Buy this song on iTunes | Watch The Beatles perform 'Twist And Shout'


'Mr Brightside' – The Killers

The soundtrack to a thousand student night trysts, The Killers’ debut single is the quintessential mid-noughties indie anthem. Few tracks better encapsulate the guyliner-and-winklepicker-driven sound of the forlorn, romantic, pop-rockin’ mid-2000s. Eddy Frankel

Buy this song on iTunes | Watch the 'Mr Brightside' video


'Like a Prayer' – Madonna

A truly great party has to have drama, and who better to provide this than the Queen of Pop, Madonna? Indeed, there was drama around ‘Like a Prayer’ even before the single came out in 1989 – remember that Pepsi ad campaign? And then there’s the song itself: jags of electric guitar followed by a huge, cavernous drum thwack. A waft of angelic choir singing. Then: ‘Life is a mystery / Everyone must stand alone / I hear you call my name / And it feels like…’ – wait for it – ‘…home.’ And lo, the drumbeat kicks in and we’re thrust right into the chorus. ‘Like a Prayer’ is a crazy, outlandish, imaginative, absurd song, which makes its success as a dancefloor-filler all the more ridiculous and wonderful. Add in a dollop of worldwide scandal, objections from the Vatican and the sickest gospel coda ever to feature in a pop song – and you have one of the greatest party songs ever recorded. Sophie Harris

Buy this song on iTunes | Watch the 'Like A Prayer' video


'This Is How We Do It' – Montell Jordan

If ever a song was guaranteed to make you break a hip while doing the running-man on a booze-drenched dancefloor, Montell’s 1995 new jack swing classic is the one. We all know what he’s on about: it’s Friday night, you feel alright, you reach for the 40, the party is up on the west side – it’s the universality of the lyrics, and that big ol’ bouncy groove, that makes this such a disco destroyer. Eddy Frankel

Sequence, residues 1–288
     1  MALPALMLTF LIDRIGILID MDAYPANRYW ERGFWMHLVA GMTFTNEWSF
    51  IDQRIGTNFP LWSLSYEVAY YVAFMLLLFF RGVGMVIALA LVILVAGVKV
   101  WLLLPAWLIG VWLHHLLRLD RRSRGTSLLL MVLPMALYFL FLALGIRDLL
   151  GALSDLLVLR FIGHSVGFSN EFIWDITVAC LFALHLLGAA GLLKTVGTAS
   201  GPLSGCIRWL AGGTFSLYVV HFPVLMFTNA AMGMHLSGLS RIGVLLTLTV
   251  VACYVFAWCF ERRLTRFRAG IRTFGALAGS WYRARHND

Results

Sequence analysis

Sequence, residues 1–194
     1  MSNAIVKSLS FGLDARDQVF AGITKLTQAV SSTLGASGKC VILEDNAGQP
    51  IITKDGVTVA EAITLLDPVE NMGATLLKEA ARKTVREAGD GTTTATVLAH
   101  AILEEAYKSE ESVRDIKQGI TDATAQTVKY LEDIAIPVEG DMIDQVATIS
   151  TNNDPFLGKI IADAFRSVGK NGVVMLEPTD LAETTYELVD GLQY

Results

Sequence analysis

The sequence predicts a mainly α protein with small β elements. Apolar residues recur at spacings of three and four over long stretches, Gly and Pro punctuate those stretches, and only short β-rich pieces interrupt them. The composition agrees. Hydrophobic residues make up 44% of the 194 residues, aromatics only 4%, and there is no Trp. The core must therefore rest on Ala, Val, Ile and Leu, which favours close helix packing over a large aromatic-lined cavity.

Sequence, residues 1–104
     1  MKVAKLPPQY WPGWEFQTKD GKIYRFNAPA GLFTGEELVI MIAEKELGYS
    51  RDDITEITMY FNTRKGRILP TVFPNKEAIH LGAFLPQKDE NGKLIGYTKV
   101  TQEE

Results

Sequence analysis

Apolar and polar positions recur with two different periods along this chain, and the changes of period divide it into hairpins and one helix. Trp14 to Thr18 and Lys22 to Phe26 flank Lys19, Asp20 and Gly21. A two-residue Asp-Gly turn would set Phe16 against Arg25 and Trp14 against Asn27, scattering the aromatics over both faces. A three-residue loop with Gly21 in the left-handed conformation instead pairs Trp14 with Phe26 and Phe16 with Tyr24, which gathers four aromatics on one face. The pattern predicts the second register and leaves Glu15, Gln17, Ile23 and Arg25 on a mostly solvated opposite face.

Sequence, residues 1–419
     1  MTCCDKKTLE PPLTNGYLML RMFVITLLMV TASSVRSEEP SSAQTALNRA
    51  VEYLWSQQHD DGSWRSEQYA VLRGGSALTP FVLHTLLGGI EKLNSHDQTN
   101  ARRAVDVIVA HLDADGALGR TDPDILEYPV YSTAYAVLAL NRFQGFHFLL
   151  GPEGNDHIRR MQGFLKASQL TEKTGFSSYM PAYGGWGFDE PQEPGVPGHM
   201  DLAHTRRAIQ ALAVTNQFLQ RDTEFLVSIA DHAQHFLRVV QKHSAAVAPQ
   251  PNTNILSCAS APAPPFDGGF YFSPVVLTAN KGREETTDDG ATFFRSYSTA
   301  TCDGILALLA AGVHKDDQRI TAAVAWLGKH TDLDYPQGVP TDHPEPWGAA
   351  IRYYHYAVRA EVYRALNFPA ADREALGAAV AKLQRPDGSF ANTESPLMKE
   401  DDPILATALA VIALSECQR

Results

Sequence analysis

Buy this song on iTunes | Watch the 'This Is How We Do It' video


'Groove Is in the Heart' – Deee-Lite

In this tale of New York’s anything-is-possible East Village of the late ’80s, a trio of candy-coloured club kids – Super DJ Dmitri, Lady Miss Kier and Towa Tei – decide to form a band. The threesome (with a little help from ringers Q-Tip, Maceo Parker and Bootsy Collins) come up with ‘Groove Is in the Heart’, a sweetly innocent percolator of a tune that, against all odds, becomes the worldwide club smash of 1990. True story! Bruce Tantum

Buy this song on iTunes | Watch the 'Groove Is In The Heart' video


'Modern Love' – David Bowie

Before Nile Rodgers was bopping around with Daft Punk on ‘Get Lucky’, he produced this gem from 1983’s ‘Let’s Dance’. Long a favorite on dusty jukeboxes, ‘Modern Love’ has seen a resurgence as of late – its jumpy rhythms make an appearance in Noah Baumbach’s heralded film (and its trailer), ‘Frances Ha’. Bowie opens the tune with spoken word before hitting his unmistakable highs, singing of the concept at hand: ‘Terrifies me / Makes me party / Puts my trust in God and man.’ Colin St. John

Buy this song on iTunes | Watch the 'Modern Love' video


'Regulate' – Warren G and Nate Dogg

Recite the lyrics from this summer-of-’94 masterpiece and you’ll be crowned an instant playa. Or so we’d like to imagine. Originally released for the soundtrack of basketball movie ‘Above the Rim’, the track features Warren G flossing gangsterisms above a groovy beat that samples – gasp! – the perennially uncool Michael McDonald. Nate Dogg’s deadpan sideman verses complete the epic tale and are the highlight of a tune that turns triumphant toward the end. The next stop is the Eastside Motel. Colin St. John

Buy this song on iTunes | Watch the 'Regulate' video

Countdown 20-1 >>